# Hermitian musical isomorphism

complex-geometryhermitian-matricesriemannian-geometry

I have encountered a problem regarding the musical isomorphism in its complex or Hermitian form, having a very different appearance under two different conventions. I ask for a revision of the exposition (maybe I get something wrong) and a possible fix for the ambiguity stated at the end.

Let $$(V,h)$$ be a Hermitian finite-dimensional complex vector space. Here I use the mathematician's (rather than the physicist's) convention: $$h$$ is linear in its 1st entry and conjugate linear in its 2nd.

$$h(\alpha v, w) = h(v,\overline{\alpha}w) = \alpha h(v,w)$$

Now fixing bases for $$V=\langle e_1,\dots,e_d\rangle$$ and the natural dual basis for $$V^*=\text{Hom}_{\mathbb{C}}(V,\mathbb{C}) = \langle e^1,\dots,e^d \rangle$$ satisfying $$e^j(e_i) = \delta^j_i$$. We define the Riesz map $$F:V\rightarrow V^*$$ by
$$(Fv)(w) = h(w,v)$$
Depending on the author's one defines the matrix of the Hermitian form $$h$$ w.r.t. the basis $$\{e_i\}$$ by either

1. Convention 1: $$h_{ij} = h(e_j,e_i)$$. This convention is used in Hermitian geometry by authors like Wells.
2. Convention 2: $$h_{ij} = h(e_i,e_j)$$. This convention is used by Kobayashi and Huybrechts.

I am looking for a closed expression of the induced Hermitian metric on the dual space $$V^*$$, namely $$h^*$$. This Hermitian metric is defined so that the above Riesz map is actually an isometry, i.e.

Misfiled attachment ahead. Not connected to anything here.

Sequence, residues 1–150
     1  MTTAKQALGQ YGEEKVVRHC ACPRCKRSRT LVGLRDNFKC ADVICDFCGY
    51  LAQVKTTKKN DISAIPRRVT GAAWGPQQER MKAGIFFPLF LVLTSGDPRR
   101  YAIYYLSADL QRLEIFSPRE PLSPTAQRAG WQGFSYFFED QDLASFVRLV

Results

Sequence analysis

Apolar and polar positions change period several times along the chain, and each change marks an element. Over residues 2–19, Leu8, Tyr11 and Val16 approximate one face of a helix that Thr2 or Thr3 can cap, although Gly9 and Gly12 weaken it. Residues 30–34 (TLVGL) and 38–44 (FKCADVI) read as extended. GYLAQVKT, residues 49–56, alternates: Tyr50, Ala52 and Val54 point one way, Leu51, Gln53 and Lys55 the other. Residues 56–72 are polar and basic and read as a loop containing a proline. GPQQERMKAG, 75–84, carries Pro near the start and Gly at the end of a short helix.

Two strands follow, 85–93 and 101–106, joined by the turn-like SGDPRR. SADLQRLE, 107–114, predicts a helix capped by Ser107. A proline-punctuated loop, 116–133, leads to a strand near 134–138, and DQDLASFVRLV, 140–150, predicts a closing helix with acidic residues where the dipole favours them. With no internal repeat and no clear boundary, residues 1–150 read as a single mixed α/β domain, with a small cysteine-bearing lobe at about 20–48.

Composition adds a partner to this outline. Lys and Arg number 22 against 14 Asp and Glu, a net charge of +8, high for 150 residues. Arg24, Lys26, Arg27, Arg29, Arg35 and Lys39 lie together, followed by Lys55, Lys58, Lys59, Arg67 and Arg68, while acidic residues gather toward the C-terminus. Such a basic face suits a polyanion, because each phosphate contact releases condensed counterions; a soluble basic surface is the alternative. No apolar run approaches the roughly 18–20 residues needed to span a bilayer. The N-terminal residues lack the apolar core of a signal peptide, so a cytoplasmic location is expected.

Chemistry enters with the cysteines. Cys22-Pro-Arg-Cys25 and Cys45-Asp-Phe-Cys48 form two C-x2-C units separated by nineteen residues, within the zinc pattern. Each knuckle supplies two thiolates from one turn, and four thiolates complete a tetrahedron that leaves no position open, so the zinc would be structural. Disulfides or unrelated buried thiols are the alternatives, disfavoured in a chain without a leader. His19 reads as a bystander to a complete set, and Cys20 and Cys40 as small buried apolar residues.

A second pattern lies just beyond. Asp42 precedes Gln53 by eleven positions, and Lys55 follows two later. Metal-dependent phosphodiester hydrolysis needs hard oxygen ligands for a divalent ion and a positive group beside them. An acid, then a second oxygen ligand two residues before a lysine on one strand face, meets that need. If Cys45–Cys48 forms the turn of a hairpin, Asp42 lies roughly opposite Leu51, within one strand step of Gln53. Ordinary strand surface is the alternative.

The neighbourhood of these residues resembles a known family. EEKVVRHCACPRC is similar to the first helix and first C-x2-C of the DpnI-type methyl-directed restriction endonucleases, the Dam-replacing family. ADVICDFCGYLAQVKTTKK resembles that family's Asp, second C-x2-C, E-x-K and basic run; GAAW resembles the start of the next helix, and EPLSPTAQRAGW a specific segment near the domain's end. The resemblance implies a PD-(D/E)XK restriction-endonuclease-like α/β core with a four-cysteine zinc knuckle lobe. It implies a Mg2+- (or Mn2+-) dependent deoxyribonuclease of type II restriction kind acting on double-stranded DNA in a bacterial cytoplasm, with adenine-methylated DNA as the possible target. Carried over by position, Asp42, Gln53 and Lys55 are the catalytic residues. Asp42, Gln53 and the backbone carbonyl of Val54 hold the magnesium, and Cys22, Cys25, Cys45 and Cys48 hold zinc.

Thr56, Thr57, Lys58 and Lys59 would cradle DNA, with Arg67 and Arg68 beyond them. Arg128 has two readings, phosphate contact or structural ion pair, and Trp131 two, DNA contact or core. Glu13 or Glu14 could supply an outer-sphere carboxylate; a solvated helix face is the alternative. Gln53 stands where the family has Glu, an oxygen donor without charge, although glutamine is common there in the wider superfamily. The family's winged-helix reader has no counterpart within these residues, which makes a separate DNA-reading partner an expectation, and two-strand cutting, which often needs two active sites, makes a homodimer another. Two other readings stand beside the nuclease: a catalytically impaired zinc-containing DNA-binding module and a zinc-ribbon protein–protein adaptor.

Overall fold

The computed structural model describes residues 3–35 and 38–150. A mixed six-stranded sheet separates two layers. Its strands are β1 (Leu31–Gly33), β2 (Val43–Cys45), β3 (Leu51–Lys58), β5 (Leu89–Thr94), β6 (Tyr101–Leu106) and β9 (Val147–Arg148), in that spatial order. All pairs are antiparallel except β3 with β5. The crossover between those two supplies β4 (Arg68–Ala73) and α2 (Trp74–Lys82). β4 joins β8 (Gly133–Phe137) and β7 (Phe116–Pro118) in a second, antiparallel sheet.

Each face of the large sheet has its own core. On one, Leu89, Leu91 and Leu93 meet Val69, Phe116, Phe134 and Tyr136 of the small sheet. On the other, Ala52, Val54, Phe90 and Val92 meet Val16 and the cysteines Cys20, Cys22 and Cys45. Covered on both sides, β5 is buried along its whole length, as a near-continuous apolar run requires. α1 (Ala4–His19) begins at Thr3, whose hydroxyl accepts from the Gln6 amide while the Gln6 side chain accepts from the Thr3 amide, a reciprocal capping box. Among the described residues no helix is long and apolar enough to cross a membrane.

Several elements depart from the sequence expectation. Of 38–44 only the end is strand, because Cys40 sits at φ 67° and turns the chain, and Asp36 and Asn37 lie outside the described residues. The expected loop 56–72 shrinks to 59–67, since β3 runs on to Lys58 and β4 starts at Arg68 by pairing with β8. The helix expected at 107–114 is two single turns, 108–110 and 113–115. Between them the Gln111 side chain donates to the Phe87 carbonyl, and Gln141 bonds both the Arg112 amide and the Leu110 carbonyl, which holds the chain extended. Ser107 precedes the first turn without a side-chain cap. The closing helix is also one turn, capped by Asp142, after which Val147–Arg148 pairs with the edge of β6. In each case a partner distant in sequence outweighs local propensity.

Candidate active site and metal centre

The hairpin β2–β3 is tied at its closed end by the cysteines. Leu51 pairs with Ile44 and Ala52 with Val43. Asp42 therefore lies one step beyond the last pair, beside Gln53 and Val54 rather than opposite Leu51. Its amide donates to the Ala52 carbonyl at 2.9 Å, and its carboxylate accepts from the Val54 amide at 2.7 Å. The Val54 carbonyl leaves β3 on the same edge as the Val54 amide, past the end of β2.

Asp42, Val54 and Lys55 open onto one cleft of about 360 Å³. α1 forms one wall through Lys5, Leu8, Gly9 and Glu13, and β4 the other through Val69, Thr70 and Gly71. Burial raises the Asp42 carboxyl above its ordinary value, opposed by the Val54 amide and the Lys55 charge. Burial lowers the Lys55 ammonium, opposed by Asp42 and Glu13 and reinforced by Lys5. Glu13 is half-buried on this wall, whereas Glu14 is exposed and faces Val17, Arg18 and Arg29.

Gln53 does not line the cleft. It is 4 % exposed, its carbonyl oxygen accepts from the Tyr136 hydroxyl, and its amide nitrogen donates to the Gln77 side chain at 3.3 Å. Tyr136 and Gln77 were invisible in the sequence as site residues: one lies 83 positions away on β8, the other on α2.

$$h^*(Fv,Fw) = h(v,w)$$
One subtle fact is that the Riesz map is not a complex isomorphism, but a conjugate linear one, and $$h^*$$ presumably plays a role in proving that $$F$$ is actually surjective.

The problem

Under different conventions I would get that the matrix expression for $$h^*$$ is either

1. Convention 1: $$h^* = (h^t)^{-1}$$.
2. Convention 2: $$h^* = (\overline{h})^{-1} h (\overline{h})^{-1}$$

Now this might seem like a minor inconvenience of the conventions, but in particular for the field that I am studying (connections on Hermitian vector bundles), this has a important consequence in relating the connection and curvature on a vector bundle to the ones on the dual vector bundle.

I have found that the imposition for the Riesz map to be an isometry must be wrong. Should we require that $$h^*(Fv,Fw) = h(v,w)$$ we immediately run into contradiction by rescaling $$v\mapsto \alpha v$$ for $$\alpha \in \mathbb{C}$$ and imposing linearity in the first argument. Since the Riesz map is conjugate-linear: $$h^*(F(\alpha v),Fw)=h(\alpha v, w) \implies \overline{\alpha} h^*(Fv,Fw) = \alpha h(v,w)$$ which indeed can't hold for arbitrary $$v,w\in V$$.